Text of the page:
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Cleveland's pursuit of wind; feds threaten to kill Solar SIDs; Cleveland Heights' bike commuters rank nationally

Marc Lefkowitz  |  07/12/10 @ 1:00pm  |  Posted in Clean energy

  • Cleveland Public Power and the city of Cleveland set a high bar for their transition to renewable energy: Their goal is to provide 25% renewables by 2025 (which is well above the state's mandate of 12% advanced energy by 2025). How will this affect the proposed Lake Erie Wind Farm? For one, CPP could finally take control of its destiny (from AMP-Ohio, which pulled the plug on an pricey coal-fired power plant and is still searching for a new source for its customers. CPP is one of their biggest). Imagine the impetus for the wind farm if Cleveland took the bold step that Los Angeles is considering: Upping its renewable energy sources from 8 to 20 percent, with a goal of 60 percent by 2030. The Utne Reader reports in L.A. Mayor Quits Coal, "The plan is to capitalize on nearby sources including a wind farm, a plant that converts methane into energy, and a geothermal project."
  • Federal Housing Finance Agency clamps down on PACE loans for renewable energy special improvement districts. Unless Congress acts, it could kill new residential Solar SID programs such as Cleveland's just as it is ramping up.
  • Slate wonders if a city can be retrofitted with "bicycle highways" or bike lanes separated from the road by a curb to get more people feeling safe on a bike?
  • Perennially bike-friendly Portland gets props for coordinating its Green Streets and Bike Boulevard initiatives (by redirecting $20 million in sewer funds).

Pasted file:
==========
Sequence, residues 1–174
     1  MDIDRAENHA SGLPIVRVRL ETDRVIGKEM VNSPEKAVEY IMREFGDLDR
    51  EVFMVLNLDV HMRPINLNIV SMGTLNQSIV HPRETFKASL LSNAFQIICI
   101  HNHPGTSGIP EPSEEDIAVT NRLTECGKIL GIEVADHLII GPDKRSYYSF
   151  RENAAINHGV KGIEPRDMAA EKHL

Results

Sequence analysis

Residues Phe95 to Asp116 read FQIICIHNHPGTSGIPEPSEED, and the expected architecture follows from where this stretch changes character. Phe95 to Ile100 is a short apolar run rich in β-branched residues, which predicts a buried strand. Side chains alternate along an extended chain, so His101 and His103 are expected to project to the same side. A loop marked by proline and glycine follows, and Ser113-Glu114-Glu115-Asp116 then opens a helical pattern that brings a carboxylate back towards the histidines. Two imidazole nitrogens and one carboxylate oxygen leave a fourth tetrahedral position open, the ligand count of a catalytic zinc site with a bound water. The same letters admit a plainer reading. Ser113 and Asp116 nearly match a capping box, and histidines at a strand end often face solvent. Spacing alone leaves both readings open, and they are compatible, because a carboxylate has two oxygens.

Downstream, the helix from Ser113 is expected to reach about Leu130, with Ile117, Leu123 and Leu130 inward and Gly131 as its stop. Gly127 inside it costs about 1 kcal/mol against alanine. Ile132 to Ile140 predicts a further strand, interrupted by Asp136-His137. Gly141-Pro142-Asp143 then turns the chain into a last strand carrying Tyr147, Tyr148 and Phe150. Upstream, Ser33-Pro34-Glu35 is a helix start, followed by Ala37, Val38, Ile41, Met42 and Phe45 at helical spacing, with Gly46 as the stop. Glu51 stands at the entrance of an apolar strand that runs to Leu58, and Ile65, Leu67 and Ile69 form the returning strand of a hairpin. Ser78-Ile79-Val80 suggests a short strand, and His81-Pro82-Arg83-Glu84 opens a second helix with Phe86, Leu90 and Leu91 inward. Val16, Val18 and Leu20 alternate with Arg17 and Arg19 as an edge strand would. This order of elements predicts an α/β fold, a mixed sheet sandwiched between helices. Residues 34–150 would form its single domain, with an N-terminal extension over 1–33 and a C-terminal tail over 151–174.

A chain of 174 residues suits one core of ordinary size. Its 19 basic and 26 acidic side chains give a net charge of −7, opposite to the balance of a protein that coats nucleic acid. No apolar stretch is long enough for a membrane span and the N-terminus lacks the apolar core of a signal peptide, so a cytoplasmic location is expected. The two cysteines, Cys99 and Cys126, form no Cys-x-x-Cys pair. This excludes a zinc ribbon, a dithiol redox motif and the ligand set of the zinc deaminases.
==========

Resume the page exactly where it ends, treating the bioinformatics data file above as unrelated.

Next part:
• Did you know that Cleveland Heights ranks in the top 10 percent nationally for residents that commute to work by bike? Mary Dunbar discovered that when she secured a Bicycle Friendly Community 'honorable mention' designation for the city. Dunbar, Joy and Ann Henderson and Nicholas Matthew also formed the Cleveland Heights Bicycle Coalition (CHBC) to make it "a first-rate cycling city."
  • Volunteer architects, interior designers, graphic designers, and anyone interested in donating expired specification samples, ZeroLandfill Cleveland needs a hand at its summer 2010 events. Connect with them on Facebook.
  • Much has been written to document the foreclosure crisis in Northeast Ohio; now there's a single report that explains what happened in Cleveland and what the local response has been to date. "Facing the Foreclosure Crisis in Greater Cleveland: What Happened and How Communities Are Responding" is a joint effort among the Cleveland Fed, Case Western Reserve University, and Cleveland State University.
  • The Affordable Green Neighborhoods Grant Program will award grants to developers of affordable housing and related public agencies who pursue LEED for Neighborhood Development certification. (Cleveland has four LEED-ND projects in the works).
  • Metropolis hypes Brooklyn's small-scale, high-design urban manufacturing renaissance. It makes me wonder, why shouldn't Cleveland Institute of Art and The Fund for Our Economic Future team up to convert one of the city's many shuttered factories or studio spaces into an industrial design incubator? (We should be retaining some of the talent of CIA's vaunted Industrial Design department).

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